The government in Peru has announced the creation of a new 1.1 million hectare reserve for “uncontacted peoples”, following a nearly two-decades long struggle by Indigenous Peoples to have their rights recognized over those of oil companies and others looking to exploit the country’s vast and biodiverse forestlands.
The soon-to-be-formed Yavari Tapiche Indigenous Reserve in the Loreto region, close to the Brazil border, is home to the Matses, Remo, and Marubo Peoples, who are identified as in isolation and initial contact (PIACI), meaning they have little or no contact with the outside world, and continue to live according to traditional values, in close harmony with nature.
Under current PIACI legislation, 10 territories in Peru have been identified for uncontacted peoples, although only four of these, including Yavari Tapiche, are recognised as reserves by the state, with four more still awaiting the formal process to begin. In theory, reserve status prevents any activities that could threaten or disrupt the isolation of the communities living there.
The creation of Yavari Tapiche was first proposed by indigenous groups as early as 2004, but a new PIACI law enacted in 2011 placed additional conditionality on reserves, whilst objections from oil operators in the region further slowed the process. Activists, including the Tenure Facility’s partners in the country, the Regional Organisation of the Indigenous Peoples of the East (Orpio) and the Peruvian Environmental Law Society (SPDA), continued to push the government. A significant advance was achieved in 2018 when the Supreme Court found in favour of creating the reserve, opening the way for a categorisation process which has finally been completed in April 2021.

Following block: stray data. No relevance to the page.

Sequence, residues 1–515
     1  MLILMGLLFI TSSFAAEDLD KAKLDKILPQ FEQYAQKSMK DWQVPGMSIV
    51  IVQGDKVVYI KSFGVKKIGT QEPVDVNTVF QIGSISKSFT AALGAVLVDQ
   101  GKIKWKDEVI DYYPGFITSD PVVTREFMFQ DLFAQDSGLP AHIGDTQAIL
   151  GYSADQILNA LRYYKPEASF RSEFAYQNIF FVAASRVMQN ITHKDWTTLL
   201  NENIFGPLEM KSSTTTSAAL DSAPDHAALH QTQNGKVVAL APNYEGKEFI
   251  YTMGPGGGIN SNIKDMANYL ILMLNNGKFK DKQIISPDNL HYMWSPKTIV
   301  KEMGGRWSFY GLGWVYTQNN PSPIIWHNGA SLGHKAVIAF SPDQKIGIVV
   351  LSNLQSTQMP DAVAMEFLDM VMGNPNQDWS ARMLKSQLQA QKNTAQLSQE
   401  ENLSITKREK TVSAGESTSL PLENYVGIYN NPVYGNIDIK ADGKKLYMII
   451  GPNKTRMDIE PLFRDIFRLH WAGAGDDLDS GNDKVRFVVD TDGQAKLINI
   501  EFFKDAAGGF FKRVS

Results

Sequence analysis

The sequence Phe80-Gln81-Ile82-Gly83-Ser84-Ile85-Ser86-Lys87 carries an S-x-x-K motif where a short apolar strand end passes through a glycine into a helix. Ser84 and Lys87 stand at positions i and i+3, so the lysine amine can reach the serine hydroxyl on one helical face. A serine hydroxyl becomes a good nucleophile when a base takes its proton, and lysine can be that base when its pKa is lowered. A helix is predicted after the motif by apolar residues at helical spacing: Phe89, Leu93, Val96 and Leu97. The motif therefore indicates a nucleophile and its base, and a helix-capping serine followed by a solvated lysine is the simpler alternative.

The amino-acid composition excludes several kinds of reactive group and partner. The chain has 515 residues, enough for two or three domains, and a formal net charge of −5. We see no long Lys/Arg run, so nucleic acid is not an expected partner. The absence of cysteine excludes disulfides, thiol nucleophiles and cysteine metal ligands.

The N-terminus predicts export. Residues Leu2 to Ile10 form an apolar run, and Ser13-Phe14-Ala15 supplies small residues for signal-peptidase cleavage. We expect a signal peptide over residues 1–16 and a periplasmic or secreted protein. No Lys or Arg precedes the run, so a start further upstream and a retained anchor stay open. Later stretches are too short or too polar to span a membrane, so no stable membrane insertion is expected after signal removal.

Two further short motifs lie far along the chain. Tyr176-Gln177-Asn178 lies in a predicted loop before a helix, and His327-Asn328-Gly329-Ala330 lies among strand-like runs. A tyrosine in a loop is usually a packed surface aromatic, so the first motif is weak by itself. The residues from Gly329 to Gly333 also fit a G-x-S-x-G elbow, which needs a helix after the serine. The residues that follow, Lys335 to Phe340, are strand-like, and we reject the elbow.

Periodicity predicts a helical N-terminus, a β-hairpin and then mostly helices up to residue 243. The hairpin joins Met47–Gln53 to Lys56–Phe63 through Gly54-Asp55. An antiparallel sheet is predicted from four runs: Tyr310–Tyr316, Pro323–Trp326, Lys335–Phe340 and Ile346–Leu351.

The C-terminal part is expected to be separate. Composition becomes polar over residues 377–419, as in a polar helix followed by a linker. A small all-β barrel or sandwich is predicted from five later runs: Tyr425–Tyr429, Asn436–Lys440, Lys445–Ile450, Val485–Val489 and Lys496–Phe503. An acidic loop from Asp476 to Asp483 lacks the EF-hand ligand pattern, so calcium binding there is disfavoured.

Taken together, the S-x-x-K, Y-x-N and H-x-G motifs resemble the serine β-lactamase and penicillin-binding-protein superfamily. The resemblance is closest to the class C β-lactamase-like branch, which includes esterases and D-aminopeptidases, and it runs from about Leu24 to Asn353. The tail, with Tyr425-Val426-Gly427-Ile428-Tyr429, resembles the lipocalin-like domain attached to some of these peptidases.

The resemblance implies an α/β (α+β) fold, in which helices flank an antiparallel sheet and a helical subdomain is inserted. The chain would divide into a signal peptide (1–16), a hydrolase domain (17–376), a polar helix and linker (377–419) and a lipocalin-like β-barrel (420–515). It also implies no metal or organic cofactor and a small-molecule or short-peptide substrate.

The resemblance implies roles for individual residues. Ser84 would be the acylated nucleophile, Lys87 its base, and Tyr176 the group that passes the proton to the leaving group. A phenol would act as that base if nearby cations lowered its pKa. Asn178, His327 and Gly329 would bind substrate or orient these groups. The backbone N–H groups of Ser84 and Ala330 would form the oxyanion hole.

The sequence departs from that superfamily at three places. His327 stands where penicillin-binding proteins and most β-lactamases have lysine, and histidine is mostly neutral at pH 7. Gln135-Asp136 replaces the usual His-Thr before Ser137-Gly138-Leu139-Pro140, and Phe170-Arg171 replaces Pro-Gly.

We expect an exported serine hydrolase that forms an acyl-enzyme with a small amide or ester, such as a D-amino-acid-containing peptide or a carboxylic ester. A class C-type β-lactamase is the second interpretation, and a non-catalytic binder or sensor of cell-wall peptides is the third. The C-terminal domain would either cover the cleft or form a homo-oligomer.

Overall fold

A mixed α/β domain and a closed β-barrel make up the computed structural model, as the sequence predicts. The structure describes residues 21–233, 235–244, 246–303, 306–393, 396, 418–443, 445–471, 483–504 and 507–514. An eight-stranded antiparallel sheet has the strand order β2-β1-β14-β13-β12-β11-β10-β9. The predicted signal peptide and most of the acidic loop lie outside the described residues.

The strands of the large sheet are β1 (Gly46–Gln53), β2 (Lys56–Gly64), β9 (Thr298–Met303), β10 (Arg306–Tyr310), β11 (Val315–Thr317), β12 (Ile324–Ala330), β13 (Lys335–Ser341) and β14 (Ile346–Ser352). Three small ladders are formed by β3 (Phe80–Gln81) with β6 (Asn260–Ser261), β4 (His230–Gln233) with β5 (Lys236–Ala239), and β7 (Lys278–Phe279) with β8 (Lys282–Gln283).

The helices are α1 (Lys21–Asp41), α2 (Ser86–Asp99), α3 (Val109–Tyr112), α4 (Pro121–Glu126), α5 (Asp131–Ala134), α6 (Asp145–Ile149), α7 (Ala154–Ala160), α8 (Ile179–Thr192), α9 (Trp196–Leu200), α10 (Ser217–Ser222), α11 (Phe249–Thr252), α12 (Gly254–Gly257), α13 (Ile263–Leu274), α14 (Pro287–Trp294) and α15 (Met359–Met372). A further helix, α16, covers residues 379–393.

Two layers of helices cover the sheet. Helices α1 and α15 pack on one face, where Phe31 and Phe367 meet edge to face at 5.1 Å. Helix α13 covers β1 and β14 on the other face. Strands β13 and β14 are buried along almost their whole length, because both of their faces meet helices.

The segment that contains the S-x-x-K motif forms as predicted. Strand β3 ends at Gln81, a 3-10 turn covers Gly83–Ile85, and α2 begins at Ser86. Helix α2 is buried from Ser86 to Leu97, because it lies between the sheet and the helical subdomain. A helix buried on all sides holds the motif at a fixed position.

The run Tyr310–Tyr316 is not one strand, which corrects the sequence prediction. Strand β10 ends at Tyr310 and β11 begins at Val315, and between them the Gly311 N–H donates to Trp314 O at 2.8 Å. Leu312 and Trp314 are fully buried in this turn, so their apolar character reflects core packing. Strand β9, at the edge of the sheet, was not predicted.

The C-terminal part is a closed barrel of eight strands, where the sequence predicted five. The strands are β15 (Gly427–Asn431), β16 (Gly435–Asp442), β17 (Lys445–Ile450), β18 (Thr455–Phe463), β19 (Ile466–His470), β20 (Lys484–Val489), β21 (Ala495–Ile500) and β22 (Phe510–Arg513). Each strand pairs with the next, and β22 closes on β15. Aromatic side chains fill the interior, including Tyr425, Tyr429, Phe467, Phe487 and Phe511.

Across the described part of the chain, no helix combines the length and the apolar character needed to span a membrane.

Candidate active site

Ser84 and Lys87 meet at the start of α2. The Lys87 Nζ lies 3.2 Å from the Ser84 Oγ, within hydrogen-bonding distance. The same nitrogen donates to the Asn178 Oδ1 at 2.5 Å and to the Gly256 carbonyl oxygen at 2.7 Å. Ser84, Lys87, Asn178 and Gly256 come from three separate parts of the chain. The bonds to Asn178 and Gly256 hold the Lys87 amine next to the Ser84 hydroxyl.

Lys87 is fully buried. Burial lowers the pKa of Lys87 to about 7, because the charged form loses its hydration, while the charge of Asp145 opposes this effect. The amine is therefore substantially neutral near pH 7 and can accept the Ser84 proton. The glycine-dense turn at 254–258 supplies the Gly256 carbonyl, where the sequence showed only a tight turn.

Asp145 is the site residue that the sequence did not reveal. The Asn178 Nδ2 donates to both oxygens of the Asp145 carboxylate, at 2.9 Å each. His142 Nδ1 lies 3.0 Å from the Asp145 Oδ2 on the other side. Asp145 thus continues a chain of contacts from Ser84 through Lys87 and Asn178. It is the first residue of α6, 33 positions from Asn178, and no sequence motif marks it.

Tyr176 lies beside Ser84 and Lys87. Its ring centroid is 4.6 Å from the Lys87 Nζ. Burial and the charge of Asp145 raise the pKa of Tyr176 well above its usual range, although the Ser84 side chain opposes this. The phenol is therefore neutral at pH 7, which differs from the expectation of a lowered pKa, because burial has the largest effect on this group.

“The creation of the Yavari Tapiche Indigenous Reserve has been a great achievement for the indigenous organisations that have been promoting its establishment since 2004,” said Silvana Baldovino, Biodiversity and Indigenous Peoples Program Director at SPDA.
“It is also a very positive sign of the interest of the current administration to protect Indigenous People in voluntary isolation and initial contact. In this way, Peru distances itself from the current policy that exists in Brazil, which has seen reduced levels of protection for indigenous people in isolation. ”
This is the latest significant victory in the strengthening of protections for isolated peoples, estimated to number around 7,000, after a parliamentary committee in 2020 unanimously backed bolstering the integrity of PIACI reserves.
Proper monitoring and enforcement of these reserves is crucial to ensuring that their inhabitants remain undisturbed however, and the next step involves the approval of a comprehensive protection plan for Yavari Tapiche. An upcoming change of government in Peru should not derail progress, according to Baldovino.
“We consider that the actions for the protection of indigenous reserves that the Ministry of Culture is working on – with the support of the SPDA which is in turn backed by the Tenure Facility – will help ensure that there are no setbacks in this regard. ”
Recent successes come after decades in which indigenous voices, and particularly those advocating for isolated peoples, were largely drowned out in the clamour to exploit Peru’s vast natural riches.
It is hoped that the creation of Yavari Tapiche will clear the path for more PIACI reserves to be formally categorised. Nonetheless, these remain deeply challenging times for the region’s Indigenous Peoples: the COVID-19 pandemic poses a particular risk to communities with limited resistance to the spread of new diseases, and little or no access to healthcare.
Meanwhile, the retreat of states in recent months has seen incursions into indigenous territories surge, and experts warn that the expected post-pandemic economic bounce could see further pressure to roll back environmental and indigenous rights.